A Nontraditional Thanksgiving in the Desert
Finally! Travel to write about! That’s the hard thing about being an amateur part-time travel writer: you simply don’t travel enough to have something to talk about.
So here we go, but first an explanation on why my Thanksgivings don’t involve turkey:
Growing up, we didn’t live close to my grandparents, so we often traveled. I remember one Thanksgiving eating bologna sandwiches on the tailgate of a rental car in the middle of Colorado. Years later, my mother worked at a hospital, and had to work either Thanksgiving or Christmas. That meant we often had our big meal on days other than the holidays themselves. I don’t like turkey. So I’d rather have sushi or do something out of the ordinary on what I call the “Brown Holiday.”
Story told. Moving forward.
We have friends who feel the same about Thanksgiving, and they invited us camping in the Anza-Borrego Desert. They made it clear that there would be no bathrooms. No streetlights or electrical outlets. No paved roads. For some reason, we agreed anyway. I’m glad we did.
Weathering the Desert
As you may (or may not) know, it’s cold in the desert this time of year. I was apprehensive about sleeping in 30-40-degree weather, but once I got hooked up with a local guy selling used camping equipment and got our super snuggly sleeping bags, I was pumped.
Turns out, it wasn’t that bad. I’d say it was 40-45 at night, and downright pleasant during the day. So of course, I took too many coats, hats, and mittens. But a girl can never be overprepared, can she?
Rocky Roads Ahead
I should have been warned when my friend asked if we had 4-wheel drive. Uh…why do you ask? The roads aren’t just unpaved, they’re also covered in precarious boulders that threatened to rip out our radiator from beneath our feet (at least in my mind). My husband knew better than to ask me to drive as I grabbed the OS handle with white knuckles. We drove for what seemed eons before settling into an isolated canyon and setting up camp.
Exploring the Slot Canyons
Before we camped, we took a hike among the Slot Canyons. They’re unlike anything I’ve experienced. Imagine being at the bottom of a canyon, but you can touch the sides. And in some cases, you’ve got to squeeze through that slot. The kids (ranging from ages 5 to 9) had a blast scurrying up sandstone formations. The dogs, too.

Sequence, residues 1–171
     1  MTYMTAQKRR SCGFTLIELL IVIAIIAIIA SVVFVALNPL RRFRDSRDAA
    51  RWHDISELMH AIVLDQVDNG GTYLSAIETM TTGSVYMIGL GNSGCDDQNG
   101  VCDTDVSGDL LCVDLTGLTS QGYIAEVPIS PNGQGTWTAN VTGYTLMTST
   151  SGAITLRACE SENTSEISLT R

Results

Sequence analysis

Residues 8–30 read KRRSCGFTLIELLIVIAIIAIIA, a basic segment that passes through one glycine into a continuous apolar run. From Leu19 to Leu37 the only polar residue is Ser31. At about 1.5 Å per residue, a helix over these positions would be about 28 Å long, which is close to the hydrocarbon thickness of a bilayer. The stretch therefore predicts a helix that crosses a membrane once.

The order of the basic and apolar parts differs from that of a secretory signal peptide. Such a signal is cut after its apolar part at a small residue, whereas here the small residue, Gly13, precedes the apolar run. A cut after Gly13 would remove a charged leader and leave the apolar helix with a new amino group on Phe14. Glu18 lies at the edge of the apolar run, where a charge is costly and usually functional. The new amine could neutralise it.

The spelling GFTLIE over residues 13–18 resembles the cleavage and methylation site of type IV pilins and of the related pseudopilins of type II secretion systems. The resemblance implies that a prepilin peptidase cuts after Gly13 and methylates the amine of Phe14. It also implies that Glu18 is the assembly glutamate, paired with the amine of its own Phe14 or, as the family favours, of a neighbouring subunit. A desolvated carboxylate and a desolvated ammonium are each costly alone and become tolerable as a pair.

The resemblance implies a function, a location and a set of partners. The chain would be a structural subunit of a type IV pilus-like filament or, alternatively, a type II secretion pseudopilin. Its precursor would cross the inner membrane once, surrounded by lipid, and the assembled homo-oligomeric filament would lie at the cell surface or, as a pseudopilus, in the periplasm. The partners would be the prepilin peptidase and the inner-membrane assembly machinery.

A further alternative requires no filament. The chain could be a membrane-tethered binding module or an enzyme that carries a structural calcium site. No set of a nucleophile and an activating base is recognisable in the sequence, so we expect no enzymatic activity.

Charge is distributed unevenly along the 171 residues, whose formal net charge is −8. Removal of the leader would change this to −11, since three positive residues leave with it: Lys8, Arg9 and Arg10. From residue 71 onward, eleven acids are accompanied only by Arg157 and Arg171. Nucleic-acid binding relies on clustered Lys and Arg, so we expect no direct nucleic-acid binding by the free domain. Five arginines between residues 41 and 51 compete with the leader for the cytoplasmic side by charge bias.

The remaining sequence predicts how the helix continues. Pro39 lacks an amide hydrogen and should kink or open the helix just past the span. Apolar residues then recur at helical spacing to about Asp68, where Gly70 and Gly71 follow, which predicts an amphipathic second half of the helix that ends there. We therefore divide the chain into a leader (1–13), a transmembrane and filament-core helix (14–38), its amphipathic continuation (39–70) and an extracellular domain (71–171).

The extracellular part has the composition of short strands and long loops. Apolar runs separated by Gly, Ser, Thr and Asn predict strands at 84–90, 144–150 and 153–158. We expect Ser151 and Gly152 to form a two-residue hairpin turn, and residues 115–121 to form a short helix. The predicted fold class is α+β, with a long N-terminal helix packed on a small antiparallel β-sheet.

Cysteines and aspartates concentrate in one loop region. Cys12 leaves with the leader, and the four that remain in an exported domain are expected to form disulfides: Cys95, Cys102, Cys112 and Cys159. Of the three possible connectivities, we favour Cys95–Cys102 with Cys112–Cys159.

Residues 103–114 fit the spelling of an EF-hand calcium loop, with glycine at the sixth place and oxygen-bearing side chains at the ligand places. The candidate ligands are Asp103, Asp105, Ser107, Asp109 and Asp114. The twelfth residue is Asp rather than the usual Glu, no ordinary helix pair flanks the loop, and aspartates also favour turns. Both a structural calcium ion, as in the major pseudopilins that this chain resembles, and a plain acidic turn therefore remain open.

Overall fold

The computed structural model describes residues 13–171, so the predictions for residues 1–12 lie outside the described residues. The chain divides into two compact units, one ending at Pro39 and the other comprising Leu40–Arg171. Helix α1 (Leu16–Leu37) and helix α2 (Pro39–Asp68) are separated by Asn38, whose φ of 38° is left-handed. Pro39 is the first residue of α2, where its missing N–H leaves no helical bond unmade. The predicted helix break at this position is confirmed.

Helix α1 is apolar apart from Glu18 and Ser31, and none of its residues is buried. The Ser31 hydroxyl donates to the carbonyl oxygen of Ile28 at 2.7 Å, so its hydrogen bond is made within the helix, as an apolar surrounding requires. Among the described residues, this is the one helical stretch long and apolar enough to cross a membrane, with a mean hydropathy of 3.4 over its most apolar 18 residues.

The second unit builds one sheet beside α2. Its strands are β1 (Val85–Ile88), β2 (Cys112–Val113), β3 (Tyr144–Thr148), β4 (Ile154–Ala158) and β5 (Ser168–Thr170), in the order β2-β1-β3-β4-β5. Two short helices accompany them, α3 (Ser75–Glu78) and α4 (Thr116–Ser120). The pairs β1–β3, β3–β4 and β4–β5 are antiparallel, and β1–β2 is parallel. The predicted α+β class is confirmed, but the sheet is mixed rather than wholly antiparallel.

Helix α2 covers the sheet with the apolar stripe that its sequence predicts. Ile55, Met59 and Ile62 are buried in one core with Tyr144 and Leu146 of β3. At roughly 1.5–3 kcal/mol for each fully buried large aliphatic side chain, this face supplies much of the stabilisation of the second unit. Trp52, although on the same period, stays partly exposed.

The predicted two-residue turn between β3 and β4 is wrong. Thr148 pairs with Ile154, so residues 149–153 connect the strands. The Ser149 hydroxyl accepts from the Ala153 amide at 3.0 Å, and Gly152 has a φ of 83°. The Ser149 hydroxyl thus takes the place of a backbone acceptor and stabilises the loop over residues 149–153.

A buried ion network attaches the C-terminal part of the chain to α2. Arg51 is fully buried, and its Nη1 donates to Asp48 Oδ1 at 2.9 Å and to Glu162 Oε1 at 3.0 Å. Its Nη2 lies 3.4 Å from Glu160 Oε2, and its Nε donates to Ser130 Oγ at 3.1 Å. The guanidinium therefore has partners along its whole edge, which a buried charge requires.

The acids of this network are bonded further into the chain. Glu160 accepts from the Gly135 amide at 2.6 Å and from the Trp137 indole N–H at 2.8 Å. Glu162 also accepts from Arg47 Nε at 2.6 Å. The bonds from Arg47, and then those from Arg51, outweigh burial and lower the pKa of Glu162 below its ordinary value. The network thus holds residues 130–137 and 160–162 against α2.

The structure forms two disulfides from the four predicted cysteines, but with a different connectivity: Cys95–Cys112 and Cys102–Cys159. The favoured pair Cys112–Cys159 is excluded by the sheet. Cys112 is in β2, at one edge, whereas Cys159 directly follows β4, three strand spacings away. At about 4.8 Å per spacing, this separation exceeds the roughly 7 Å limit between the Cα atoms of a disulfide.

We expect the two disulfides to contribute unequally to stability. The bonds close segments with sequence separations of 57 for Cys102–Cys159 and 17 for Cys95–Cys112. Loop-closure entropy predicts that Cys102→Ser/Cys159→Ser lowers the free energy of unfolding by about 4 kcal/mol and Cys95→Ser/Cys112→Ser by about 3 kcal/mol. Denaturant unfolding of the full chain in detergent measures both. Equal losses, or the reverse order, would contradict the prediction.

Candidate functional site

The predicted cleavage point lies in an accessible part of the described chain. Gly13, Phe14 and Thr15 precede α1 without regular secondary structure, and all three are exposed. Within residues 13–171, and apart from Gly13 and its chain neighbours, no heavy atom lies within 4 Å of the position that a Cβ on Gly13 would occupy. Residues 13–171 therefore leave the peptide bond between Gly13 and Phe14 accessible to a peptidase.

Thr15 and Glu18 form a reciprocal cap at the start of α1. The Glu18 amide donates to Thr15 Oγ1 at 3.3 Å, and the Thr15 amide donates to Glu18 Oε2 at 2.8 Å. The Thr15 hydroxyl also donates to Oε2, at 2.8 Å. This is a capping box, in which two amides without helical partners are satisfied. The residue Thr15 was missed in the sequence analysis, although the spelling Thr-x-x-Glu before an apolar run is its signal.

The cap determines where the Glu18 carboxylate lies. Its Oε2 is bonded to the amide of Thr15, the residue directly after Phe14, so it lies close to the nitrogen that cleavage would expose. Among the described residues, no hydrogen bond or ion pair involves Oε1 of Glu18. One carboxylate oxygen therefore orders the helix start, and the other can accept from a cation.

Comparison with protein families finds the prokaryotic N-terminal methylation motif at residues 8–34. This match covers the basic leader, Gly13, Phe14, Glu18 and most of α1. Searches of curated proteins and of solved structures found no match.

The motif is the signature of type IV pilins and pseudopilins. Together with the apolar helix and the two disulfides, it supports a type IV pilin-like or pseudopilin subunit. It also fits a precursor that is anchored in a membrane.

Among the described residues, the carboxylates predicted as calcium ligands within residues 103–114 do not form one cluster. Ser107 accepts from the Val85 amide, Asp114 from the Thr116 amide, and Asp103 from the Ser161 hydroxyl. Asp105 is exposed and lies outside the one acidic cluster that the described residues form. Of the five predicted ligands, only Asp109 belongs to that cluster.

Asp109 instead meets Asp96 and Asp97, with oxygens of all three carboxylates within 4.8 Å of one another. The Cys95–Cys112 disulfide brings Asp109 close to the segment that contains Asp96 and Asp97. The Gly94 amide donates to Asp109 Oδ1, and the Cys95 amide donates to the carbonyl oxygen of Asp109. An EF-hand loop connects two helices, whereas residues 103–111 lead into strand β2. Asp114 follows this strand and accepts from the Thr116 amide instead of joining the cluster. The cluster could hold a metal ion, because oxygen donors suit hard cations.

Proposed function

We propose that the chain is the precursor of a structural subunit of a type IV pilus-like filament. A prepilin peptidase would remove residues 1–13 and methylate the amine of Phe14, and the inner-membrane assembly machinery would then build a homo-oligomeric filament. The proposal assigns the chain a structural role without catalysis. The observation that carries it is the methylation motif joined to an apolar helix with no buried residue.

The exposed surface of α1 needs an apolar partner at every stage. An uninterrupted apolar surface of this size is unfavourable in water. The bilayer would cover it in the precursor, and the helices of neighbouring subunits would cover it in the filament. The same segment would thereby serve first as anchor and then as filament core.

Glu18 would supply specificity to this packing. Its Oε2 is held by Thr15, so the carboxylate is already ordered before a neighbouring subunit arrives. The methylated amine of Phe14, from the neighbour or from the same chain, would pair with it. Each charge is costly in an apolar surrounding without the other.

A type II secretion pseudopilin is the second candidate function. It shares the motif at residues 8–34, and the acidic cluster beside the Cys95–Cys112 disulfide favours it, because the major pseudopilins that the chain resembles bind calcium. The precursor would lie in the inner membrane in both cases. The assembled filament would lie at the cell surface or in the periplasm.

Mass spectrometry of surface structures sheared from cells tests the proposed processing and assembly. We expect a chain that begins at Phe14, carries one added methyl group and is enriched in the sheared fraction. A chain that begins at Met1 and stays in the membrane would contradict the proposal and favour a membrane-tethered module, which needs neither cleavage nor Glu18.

The canyons near our campsite were completely insular. I went for a walk by myself and couldn’t hear the kids just a few rocks over.
But the Real Highlight
Breathtaking nature aside, the most fun was cooking award-winning meals (okay, so I supervised) of lobster and bacon-wrapped shrimp, and then steak and potatoes. And then drinking. And staying up to what seemed to be late but was really 10 pm talking and laughing with good friends. Oh yea, and a little game called Cards Against Humanity. Look it up. Unless you’re my mother. Because if you are, you will be offended with its off humor.
And the stars. Oh, the stars. You haven’t seen stars until you see them from a canyon in the desert. Velvet black sky with pinholes of light. The occasional shooting star just out of your peripheral vision. The feeling like there is no human civilization anywhere but right here.
Back to Life
Coming back to reality after 2.5 days of going off the grid was hard. The first shock came when we got lost on the dirt roads headed home and ran into hundreds of RVs, ATVs, and motorbikes. I think they call them “desert rats.” They had a much different experience in the desert than we did. For us, it was about solitude (together, as it were) whereas these folks wanted the more, the merrier. No thanks.
Having been on a digital-free diet for that long was refreshing, though I was happy to dive back into my ebooks on my tablet.
I was dehydrated for days, despite having drank plenty of water (I guess the alcohol countered that). And I was so happy to take a hot shower and roll around in my bed.
Would I camp in the desert again? Absolutely. It was a singular experience that I can’t compare to anything else I’ve done in all my travels. (and they’re vast, I tell you. Vast!)